“You’re as young as you feel,” they say. Although I’m pushing 60 in human years, I tend to think of myself kinda like a P.G. Wodehouse character: “In the late afternoon of life (he) retained, together with a juvenile waistline, the bright enthusiasm and fresh, unspoiled outlook of a slightly inebriated undergraduate.”1
When our daughter and son-in-law let us know that they were expecting, we were faced with a difficult task: choosing the nicknames our grandchild would call us. Of all the titles I’ve taken on – Dad, professor, musician, cinephile, goofball, pinball player – the word “grandpa” really didn’t seem to fit the energetic, youthful image I’ve formed for myself. “Granddad” wasn’t much better. “Poppa” seemed like something out of Pinocchio or Pippi Longstocking.
I needed a nickname that would retain the energy and youthful rebellion that I (foolishly) tend to cultivate. So, after some Deep Thought, I turned to a modern-day poet for some wisdom: Bruce Springsteen.
I initially thought “Big Man” might be a good title, but then worried that it might be mistaken for a commentary on my weight. So I settled on “The Boss.” Although I realized it was a tad grandiose, I could easily picture the wee one lisping, “Oh, Boss, could I have some more ice cream?”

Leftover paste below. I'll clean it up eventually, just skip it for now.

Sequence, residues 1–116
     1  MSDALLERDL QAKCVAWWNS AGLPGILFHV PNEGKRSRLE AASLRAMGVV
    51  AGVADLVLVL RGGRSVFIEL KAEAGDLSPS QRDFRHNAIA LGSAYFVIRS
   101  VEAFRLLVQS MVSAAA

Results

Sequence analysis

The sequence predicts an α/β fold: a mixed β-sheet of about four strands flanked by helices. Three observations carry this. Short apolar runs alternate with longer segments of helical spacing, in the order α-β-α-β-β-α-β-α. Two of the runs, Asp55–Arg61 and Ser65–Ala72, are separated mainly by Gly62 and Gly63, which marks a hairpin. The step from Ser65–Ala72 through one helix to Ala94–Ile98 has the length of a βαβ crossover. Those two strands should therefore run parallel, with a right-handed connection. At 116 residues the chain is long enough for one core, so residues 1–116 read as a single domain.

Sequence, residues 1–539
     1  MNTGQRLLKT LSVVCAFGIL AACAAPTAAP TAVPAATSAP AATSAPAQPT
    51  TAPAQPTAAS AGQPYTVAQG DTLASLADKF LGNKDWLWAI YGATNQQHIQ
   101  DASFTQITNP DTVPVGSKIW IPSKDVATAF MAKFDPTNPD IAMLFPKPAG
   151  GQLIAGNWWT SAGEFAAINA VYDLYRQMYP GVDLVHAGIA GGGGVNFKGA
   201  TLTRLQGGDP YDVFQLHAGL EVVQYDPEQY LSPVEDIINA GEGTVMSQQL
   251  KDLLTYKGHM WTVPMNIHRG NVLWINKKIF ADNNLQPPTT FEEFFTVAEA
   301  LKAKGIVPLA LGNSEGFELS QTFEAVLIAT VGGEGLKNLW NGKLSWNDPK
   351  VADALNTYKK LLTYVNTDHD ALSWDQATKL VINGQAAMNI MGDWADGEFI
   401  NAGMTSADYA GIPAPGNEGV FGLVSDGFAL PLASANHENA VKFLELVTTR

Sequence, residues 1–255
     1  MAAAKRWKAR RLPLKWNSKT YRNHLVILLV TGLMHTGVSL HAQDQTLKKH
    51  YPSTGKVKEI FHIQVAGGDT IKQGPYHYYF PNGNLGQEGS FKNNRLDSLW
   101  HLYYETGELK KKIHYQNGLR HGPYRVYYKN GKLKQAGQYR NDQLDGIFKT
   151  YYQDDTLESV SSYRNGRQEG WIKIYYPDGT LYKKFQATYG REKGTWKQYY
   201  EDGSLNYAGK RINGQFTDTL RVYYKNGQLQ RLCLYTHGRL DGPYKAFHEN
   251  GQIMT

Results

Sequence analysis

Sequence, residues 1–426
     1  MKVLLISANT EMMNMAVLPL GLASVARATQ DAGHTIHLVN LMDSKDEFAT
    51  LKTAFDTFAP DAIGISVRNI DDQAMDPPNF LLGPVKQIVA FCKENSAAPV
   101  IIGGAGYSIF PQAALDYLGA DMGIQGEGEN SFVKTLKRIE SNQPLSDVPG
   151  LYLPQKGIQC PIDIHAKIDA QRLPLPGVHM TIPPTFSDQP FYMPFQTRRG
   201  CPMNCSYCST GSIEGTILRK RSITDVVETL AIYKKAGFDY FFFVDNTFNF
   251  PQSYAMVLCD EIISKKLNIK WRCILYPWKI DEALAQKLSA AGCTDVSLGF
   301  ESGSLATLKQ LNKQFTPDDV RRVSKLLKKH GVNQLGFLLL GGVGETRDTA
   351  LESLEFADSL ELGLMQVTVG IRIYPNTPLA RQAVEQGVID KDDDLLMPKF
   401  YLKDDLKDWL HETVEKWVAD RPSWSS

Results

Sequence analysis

That was all a bit more than a year ago, long before the Little Guy arrived. Now, shortly after his first birthday, he’s starting to understand the importance of words, of the power of calling things by their names. He’s developing his vocabulary, and undoubtedly saw my bride melt the first time he called her “Nonna.”
I now realize “The Boss” may not have been the greatest choice. Sure, it evokes images of leather jackets and rock stars, but it’s kinda hard for a 13-month-old to wrap his mouth around. So despite many rehearsals and parental prompting, the Little Guy affectionately calls me… “Bobo.”
So much for rock star coolness. Bring on the clown jokes. “Bobo” it is.
1 Wodehouse, P.G. Service with a Smile, 1961 Simon & Shuster.